Two types of chromosomal anomalies were observed upon cfDNA profiling: (i) genomewide aberrations with gains and/or losses on multiple chromosomes, affecting whole chromosomes and chromosome arms, characterized by an elevated GIPseq QS-score (n = 12 cases; Figure 2A and Table 1) and (ii) isolated aberrations in which only one chromosome or chromosomal segment was affected, with an overall QS < 2 (n = 18 cases; Figure 2B and Table 2). Isolated anomalies encompassed: a segmental del(3p), del(5q), del(9q), del(20q) or del(22q); segmental gains on 9p and 9q, or 14q, or a trisomy 12 or 15.

Figure 2.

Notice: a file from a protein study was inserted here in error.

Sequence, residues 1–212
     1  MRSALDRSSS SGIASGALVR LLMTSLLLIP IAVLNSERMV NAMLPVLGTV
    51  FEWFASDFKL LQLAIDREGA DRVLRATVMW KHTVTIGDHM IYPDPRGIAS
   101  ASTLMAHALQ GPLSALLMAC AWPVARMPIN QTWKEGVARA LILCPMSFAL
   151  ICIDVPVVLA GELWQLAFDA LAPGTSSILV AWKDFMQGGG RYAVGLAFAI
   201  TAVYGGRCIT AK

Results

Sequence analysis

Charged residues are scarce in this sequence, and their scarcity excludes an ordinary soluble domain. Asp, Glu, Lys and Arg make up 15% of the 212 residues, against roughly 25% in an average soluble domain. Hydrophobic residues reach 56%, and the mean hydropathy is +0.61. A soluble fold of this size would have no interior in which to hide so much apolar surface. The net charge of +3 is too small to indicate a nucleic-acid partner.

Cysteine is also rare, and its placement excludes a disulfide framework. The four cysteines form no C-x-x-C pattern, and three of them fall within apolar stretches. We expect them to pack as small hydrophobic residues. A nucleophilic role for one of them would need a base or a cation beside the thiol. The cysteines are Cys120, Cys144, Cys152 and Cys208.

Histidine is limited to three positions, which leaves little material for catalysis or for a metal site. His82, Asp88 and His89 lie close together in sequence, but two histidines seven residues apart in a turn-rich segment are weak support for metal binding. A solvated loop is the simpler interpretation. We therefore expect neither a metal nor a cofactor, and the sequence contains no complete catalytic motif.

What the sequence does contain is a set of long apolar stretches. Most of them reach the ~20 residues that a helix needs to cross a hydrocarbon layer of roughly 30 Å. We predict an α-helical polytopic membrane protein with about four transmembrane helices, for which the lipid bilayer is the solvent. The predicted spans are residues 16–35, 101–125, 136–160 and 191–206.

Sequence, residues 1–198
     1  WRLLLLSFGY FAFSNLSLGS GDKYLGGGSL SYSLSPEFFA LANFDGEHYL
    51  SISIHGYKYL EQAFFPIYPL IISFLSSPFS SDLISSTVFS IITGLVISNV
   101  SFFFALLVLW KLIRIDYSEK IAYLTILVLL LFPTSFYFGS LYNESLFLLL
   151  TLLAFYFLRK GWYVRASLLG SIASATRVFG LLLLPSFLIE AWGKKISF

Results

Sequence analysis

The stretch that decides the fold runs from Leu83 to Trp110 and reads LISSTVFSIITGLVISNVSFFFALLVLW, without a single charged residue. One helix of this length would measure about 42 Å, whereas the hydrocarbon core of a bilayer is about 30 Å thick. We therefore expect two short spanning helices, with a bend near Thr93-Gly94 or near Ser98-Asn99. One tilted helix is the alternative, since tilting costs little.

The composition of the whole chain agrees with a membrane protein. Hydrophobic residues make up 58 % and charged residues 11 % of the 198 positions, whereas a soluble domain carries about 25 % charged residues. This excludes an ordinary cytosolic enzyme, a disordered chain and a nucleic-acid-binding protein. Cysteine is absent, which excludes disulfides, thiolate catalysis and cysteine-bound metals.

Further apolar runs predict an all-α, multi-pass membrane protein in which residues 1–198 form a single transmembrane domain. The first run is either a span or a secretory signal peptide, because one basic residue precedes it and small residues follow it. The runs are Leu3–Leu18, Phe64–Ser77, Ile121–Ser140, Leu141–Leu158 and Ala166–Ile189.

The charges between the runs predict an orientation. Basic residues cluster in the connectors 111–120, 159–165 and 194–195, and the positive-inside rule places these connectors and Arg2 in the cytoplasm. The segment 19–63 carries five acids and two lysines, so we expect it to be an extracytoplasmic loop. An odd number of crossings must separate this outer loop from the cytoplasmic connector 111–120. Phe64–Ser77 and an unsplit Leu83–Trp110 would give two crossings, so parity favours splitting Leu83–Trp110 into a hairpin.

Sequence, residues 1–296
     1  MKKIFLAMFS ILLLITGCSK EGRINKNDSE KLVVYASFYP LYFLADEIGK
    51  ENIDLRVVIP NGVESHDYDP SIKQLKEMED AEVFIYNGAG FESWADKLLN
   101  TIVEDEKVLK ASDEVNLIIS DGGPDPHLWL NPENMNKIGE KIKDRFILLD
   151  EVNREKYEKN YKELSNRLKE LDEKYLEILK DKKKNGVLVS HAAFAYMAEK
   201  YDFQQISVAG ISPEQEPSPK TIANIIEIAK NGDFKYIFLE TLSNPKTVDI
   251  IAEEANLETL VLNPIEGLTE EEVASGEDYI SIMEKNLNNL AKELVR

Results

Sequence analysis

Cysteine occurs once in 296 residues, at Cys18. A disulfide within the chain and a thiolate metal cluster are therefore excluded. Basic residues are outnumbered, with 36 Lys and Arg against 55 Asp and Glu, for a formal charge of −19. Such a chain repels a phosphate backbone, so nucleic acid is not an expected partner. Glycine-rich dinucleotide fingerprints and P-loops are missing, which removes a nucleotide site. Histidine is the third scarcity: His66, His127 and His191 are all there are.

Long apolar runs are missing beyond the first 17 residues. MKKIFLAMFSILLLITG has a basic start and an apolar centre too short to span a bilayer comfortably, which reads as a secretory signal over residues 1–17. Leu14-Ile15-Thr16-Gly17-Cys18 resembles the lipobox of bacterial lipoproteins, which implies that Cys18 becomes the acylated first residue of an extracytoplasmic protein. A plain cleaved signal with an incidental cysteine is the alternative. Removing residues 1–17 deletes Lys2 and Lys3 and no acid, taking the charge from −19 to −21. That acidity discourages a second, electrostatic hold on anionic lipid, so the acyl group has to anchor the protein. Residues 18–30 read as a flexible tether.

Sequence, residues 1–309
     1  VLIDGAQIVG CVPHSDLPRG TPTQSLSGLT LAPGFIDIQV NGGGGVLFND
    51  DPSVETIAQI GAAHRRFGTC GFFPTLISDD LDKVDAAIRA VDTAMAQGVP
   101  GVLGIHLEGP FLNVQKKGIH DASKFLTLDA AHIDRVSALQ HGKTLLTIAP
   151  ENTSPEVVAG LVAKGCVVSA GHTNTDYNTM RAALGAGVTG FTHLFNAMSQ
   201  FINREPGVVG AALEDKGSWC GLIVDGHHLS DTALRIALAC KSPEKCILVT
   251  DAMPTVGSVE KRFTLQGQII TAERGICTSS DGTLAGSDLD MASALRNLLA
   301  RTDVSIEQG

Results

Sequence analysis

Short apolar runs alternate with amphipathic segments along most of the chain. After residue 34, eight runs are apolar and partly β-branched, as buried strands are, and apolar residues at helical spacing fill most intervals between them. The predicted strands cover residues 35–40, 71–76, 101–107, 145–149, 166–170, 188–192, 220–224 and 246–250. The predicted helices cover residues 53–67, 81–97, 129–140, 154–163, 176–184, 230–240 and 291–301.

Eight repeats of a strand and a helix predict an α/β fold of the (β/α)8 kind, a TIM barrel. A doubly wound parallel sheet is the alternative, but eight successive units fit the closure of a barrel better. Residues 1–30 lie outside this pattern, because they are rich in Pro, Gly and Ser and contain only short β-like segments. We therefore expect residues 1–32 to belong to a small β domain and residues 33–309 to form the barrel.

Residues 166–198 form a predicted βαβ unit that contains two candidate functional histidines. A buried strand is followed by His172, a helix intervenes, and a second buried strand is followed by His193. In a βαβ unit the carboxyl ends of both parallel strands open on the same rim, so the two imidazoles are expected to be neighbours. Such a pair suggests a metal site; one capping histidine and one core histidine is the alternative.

Chromosomal aberrations observed in cell-free plasma DNA. Representative circos plots showing reproducible chromosomal anomalies detectable in cfDNA. Plotting is based on the GIPseq results of the second plasma sample of each case, showing those chromosomal anomalies that are reproducible in the two independent plasma samples and with a chromosomal z-score ≥3.0 (suggesting gain; in green) or ≤3.0 (suggesting loss; in red). Chromosomal regions with clear reproducible amplifications and deletions, resulting in a neutral z-score are displayed as well. For every case, the genomic representation profile of the autosomal chromosomes is shown in clockwise order, aligned with chromosomal ideograms (outer circle). (A) Cases with genomewide chromosomal aberrations (n=12). For some of these cases, high z-scores for almost every chromosome were observed. This indicates that either all chromosomes are indeed affected, or the z-scores of particular individual chromosomes or chromosomal fragments might be skewed due to excessive presentation of other, highly amplified chromosomes or chromosome arms. (B) Cases with single chromosomal aberrations (n=18). For one del(20q) case focal gains on chromosome 5 emerged upon second cfDNA sampling (second last case; see also supplementary Figure S8, available at Annals of Oncology online). Cases are shown from the periphery to the center in the same order as in Tables 1 and 2.